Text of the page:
Mann Page’s motion for a resolution approving the votes of Senators Henry Tazewell and Stevens Thomson Mason against the ratification of the Jay Treaty was introduced in the House of Delegates on 17 Nov. 1795 and debated in the committee of the whole on the 18, 19, and 20 Nov. before being passed by a two-to-one margin. The opposition unsuccessfully sought to amend the resolution to state that, while the General Assembly had “full confidence in the public servants in each branch of the general government,” the powers granted to “the continental government, and to the state governments, are and should remain separate and distinct, so that neither exercise what is granted to the other,” and that “without a full discussion and investigation” of the treaty which is “unnecessary in the House of Delegates, and ought to be avoided,” the state legislators “cannot be prepared to express any mature opinion upon the conduct of the Senators from Virginia touching that subject” (JHD description begins Journal of the House of Delegates of the Commonwealth of Virginia (cited by session and date of publication) description ends , Nov.-Dec. 1795, p. 19, 23, 24, 27).

Camillus: see note to TJ to Madison, 3 Aug. 1795. The examiner: Representative William Loughton Smith, who defended the Jay Treaty under the pseudonym of “A Citizen of South-Carolina” in A Candid Examination of the Objections to the Treaty of Amity, Commerce, and Navigation, Between the United States and Great-Britain, as Stated in the Report of the Committee, Appointed by the Citizens of the United States, in Charleston, South-Carolina (Charleston, 1795). TJ acquired a reprint that was published, shortly after Washington signed the treaty, under the title of The Eyes Opened, or the Carolinians Convinced, by an Honourable and Eloquent Representative in the Congress of the United States, in the Following Well Received and Candid Examination of the Objections to His Excellency Governor Jay’s Late Treaty with Great-Britain; and Which has been Ratified by President Washington, at the City of Philadelphia (New York, 1795), to which was appended the original title page and a postscript. TJ initially ascribed the work to William Cobbett (see Sowerby, description begins E. Millicent Sowerby, comp., Catalogue of the Library of Thomas Jefferson, Washington, D.C., 1952–59, 5 vols. description ends No. 3181).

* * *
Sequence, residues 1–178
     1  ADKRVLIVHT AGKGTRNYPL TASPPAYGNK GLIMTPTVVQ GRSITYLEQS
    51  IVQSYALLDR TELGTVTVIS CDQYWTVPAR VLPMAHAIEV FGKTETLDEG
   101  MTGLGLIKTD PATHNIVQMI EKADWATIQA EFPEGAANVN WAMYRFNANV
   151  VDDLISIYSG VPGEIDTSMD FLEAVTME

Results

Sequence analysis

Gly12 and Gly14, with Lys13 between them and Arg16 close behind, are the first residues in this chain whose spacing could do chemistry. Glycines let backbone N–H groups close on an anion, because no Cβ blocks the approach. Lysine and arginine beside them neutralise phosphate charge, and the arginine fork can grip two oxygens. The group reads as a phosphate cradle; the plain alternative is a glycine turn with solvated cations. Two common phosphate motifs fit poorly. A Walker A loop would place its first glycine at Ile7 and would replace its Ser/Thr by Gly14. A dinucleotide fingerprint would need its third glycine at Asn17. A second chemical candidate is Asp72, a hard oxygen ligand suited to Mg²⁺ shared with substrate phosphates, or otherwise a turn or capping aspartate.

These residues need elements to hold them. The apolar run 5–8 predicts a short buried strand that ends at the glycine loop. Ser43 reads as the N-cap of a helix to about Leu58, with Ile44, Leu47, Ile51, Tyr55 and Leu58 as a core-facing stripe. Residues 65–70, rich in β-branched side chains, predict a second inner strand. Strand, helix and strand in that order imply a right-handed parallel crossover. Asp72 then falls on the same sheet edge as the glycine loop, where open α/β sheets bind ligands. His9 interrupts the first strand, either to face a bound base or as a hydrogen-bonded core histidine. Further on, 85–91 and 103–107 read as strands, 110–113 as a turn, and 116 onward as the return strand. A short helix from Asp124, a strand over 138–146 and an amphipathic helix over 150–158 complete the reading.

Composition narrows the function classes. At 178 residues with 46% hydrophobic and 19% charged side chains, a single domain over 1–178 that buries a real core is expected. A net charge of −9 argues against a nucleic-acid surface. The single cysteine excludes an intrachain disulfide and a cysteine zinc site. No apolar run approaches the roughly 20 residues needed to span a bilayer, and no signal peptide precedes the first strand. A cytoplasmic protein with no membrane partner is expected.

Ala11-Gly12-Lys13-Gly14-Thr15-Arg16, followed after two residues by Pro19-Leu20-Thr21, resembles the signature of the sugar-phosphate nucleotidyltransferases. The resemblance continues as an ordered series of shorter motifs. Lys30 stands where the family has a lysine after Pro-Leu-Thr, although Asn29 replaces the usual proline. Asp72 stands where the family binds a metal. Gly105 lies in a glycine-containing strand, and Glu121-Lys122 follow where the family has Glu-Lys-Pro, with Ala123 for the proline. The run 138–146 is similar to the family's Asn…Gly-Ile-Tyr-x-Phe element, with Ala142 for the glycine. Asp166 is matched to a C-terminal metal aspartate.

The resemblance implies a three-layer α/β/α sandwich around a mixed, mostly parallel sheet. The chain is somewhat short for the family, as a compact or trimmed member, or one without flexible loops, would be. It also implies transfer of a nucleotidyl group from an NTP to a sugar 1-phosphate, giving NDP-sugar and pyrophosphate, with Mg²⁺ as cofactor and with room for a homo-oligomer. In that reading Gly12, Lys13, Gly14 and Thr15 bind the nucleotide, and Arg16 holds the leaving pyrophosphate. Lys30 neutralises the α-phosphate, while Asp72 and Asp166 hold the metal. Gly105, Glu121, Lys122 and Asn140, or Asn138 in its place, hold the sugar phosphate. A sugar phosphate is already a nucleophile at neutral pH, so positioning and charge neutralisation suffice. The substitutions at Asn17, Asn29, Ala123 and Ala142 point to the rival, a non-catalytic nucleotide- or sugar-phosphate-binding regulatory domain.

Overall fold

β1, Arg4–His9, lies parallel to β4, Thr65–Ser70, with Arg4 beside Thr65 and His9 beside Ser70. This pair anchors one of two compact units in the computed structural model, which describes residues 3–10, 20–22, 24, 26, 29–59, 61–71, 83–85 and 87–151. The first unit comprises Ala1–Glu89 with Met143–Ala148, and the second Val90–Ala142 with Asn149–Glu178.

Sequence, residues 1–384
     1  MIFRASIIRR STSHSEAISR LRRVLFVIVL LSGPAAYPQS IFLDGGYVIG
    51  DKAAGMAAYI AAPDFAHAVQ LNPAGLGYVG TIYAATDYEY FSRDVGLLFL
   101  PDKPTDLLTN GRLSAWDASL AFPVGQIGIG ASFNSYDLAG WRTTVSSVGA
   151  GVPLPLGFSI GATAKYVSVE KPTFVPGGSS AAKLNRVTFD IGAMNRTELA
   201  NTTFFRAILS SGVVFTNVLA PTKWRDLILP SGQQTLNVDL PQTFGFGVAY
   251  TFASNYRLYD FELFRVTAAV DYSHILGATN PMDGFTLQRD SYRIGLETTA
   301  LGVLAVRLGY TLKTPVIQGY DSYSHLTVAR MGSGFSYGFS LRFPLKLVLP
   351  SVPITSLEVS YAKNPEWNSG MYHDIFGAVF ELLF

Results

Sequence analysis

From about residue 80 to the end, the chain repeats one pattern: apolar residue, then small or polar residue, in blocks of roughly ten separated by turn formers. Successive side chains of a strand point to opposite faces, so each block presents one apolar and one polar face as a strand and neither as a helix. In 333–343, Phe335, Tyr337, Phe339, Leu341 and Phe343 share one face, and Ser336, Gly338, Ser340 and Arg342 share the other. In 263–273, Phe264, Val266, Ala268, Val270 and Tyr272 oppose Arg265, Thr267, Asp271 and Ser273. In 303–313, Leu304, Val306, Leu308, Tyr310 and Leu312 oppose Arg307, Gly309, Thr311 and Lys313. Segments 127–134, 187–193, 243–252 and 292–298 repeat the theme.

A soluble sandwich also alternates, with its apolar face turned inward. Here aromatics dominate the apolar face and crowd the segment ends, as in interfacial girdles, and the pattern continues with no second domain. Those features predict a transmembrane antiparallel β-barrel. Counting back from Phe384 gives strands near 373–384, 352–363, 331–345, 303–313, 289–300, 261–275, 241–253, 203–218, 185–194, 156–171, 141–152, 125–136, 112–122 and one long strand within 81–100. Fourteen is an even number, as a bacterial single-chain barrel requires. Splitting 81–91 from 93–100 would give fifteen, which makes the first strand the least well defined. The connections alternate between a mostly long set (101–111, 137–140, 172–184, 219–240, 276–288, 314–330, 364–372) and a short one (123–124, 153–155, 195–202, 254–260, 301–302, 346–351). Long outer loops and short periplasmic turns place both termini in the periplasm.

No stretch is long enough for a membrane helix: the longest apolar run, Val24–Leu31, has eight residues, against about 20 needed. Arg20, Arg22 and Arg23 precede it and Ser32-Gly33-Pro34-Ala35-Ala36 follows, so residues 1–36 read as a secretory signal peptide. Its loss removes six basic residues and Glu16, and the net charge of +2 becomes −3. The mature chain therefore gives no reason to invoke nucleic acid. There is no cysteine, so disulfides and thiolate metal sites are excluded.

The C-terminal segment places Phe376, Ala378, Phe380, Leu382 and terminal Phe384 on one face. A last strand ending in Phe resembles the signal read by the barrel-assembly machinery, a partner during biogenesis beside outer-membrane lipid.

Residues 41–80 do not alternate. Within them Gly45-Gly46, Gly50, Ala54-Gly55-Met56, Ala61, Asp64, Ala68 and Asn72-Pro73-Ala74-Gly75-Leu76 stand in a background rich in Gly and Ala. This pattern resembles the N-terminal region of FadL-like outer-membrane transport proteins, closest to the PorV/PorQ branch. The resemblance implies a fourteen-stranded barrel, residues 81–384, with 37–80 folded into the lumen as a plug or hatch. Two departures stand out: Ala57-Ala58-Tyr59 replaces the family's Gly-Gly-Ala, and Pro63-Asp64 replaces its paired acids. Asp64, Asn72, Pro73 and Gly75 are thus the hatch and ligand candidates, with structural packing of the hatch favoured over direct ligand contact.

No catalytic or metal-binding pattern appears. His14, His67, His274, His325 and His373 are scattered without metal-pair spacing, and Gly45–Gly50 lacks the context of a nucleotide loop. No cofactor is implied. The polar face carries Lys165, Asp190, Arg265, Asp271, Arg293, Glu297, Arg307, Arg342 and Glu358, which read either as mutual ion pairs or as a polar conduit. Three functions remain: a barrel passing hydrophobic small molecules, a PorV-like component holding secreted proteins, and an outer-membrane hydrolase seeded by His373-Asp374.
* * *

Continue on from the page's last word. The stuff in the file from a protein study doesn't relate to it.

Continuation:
The motion of compliment to the P. proposed in the House of Delegates on 21 Nov. 1795 stated that “the motives which influenced the President of the United States to ratify the treaty lately negociated with Great-Britain, meet the entire approbation of this House; and that the President of the United States for his great abilities, wisdom and integrity, merits and possesses the undiminished confidence of his country.” It was amended to read: “That this House do entertain the highest sense of the integrity and patriotism of the President of the United States; and that while they approve the vote of the Senators of this state in the Congress of the United States, relative to the treaty with Great Britain, they in no wise mean to censure the motives which influenced him in his conduct thereupon” (JHD description begins Journal of the House of Delegates of the Commonwealth of Virginia (cited by session and date of publication) description ends , Nov.-Dec. 1795, p. 28).

1Before this sentence, TJ first wrote and then canceled “The H. of Delegates.”